Program Schedule

981
Catheter Complications in Children Discharged with Peripherally Inserted Central Catheters (PICCs)

Session: Poster Abstract Session: Pediatric Healthcare associated Infection Epidemiology and Prevention
Friday, October 10, 2014
Room: The Pennsylvania Convention Center: IDExpo Hall BC
Background:

Increasingly, patients are discharged from the hospital with a PICC to complete treatment. PICC complications include thrombus formation, non-thrombotic occlusion, infection, and others. Our objective was to identify the frequency of risk factors for complications necessitating PICC removal after hospital discharge.

Methods:

We included children discharged with a PICC from Johns Hopkins Children’s Center between January 1, 2003 and December 31, 2013. We determined risk factors for complications necessitating PICC removal using logistic regression. We performed a subcohort analysis of patients with catheters placed for antibiotic therapy before 2010.

Results:

During this study period, 1,901 catheters remained in place after discharge in 1,254 children. One hundred eighty six PICCs (10.02%) were removed due to a complication during 44,798 catheter-days (IR 4.1/1000 catheter-days). Forty five (24.19%) were removed due to infection. In adjusted analysis, the odds of complication decreased by 4% per year of age (OR 0.96; 95% CI 0.93, 0.98). Patients had a 1% increased risk of complications per day of hospital stay (OR 1.01; 95% CI 1.00, 1.02), and had a 1% increased risk of complications for each day the catheter was in place after discharge (OR 1.01; 95% CI 1.00, 1.01). PICCs inserted with a midline tip location had a 5-fold increase in the odds of complication (OR 5.16; 95% CI 2.96, 9.01) compared to those with a central tip location. There were 976 PICCs placed for antibiotic therapy in 670 children. One hundred one (10.35%) of these PICCs developed a complication after discharge requiring removal during 16,736 catheter days (IR 6.0/1000 catheter-days). Of these, 15 (14.85%) were infectious. In addition to age, tip location, and catheter dwell time after discharge, having public insurance was an independent risk factor for complications in this sub-population (OR 1.87; 95% CI 1.06, 3.31).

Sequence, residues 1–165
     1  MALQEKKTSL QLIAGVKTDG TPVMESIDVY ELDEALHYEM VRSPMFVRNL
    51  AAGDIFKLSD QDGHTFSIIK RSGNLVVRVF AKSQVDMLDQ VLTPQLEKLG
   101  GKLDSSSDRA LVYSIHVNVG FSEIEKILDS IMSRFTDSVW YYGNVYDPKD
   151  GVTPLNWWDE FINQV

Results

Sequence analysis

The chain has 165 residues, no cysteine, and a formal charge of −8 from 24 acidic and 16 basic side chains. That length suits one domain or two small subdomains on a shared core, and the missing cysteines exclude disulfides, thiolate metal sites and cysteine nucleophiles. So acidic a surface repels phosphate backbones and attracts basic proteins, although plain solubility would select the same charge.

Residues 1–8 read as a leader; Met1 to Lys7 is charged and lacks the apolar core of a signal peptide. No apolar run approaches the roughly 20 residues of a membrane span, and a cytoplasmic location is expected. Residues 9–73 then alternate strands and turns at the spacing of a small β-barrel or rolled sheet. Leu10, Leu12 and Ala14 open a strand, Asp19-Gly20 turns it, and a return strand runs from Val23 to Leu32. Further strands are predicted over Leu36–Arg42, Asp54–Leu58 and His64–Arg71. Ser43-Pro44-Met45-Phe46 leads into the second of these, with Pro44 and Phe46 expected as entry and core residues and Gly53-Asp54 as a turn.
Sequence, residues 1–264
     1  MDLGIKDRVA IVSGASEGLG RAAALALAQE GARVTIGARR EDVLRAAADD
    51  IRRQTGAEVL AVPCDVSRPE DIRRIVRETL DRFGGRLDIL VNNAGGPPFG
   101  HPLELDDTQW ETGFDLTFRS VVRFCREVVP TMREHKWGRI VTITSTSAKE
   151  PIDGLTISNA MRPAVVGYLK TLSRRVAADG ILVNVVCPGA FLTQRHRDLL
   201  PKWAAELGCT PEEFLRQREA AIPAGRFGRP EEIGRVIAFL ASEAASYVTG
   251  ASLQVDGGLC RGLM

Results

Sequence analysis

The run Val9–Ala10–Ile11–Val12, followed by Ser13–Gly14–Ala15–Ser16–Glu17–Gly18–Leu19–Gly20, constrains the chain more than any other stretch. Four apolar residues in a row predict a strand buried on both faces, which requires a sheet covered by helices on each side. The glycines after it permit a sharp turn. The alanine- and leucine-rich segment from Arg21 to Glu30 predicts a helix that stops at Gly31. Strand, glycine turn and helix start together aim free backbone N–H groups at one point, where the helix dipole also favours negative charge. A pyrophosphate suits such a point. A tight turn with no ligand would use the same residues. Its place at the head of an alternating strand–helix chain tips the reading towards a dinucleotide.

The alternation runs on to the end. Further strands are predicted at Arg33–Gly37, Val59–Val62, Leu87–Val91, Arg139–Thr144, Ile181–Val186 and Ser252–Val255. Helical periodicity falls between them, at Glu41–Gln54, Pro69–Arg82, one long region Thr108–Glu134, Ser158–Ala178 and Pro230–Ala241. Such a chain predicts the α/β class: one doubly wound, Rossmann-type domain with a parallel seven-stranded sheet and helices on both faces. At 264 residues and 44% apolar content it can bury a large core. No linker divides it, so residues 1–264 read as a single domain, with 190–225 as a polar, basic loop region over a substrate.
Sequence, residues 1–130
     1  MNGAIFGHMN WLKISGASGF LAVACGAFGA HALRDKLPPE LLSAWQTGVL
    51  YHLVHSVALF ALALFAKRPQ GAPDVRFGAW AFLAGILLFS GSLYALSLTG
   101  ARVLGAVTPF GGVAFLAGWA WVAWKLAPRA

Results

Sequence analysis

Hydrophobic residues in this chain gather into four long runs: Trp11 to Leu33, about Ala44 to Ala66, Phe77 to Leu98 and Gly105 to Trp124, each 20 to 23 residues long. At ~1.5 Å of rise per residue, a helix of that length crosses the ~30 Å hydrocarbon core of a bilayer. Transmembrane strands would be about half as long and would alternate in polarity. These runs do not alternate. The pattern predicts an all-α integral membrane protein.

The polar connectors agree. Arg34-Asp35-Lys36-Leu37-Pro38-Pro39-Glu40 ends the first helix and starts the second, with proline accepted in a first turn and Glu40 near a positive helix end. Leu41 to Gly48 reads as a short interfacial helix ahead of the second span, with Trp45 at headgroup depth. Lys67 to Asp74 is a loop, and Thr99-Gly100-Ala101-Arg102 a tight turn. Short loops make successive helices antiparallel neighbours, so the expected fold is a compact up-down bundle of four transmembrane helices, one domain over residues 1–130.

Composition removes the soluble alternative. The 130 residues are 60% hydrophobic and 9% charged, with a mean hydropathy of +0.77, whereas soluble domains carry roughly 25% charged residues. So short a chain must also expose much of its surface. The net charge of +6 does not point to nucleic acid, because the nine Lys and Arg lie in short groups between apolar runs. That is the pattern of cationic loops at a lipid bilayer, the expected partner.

Conclusion:

Younger age, catheter tip location, longer hospital stay and longer catheter dwell time after discharge are associated with PICC complications that occur after hospital discharge. Improved strategies are needed to decrease the risk of catheter complications in high risk children who are discharged with PICCs.

Amanda Morden, Johns Hopkins Bloomberg School of Public Health, Florida State University College of Medicine, Palm Harbor, FL, Sonali Advani, MD, MPH, Internal Medicine, University of Alabama School of Medicine, Montgomery, AL, Leslie Gosey, MS, RN, VA-BC, Vascular Access, Johns Hopkins Children's Center, Baltimore, MD, Victor Popoola, MBBS, MPH, ScM, Pediatrics, Johns Hopkins University School of Medicine, Baltimore, MD and Aaron M. Milstone, MD, MHS, Pediatrics, The Johns Hopkins Medical Institutions, Baltimore, MD

Disclosures:

A. Morden, None

S. Advani, None

L. Gosey, None

V. Popoola, None

A. M. Milstone, None

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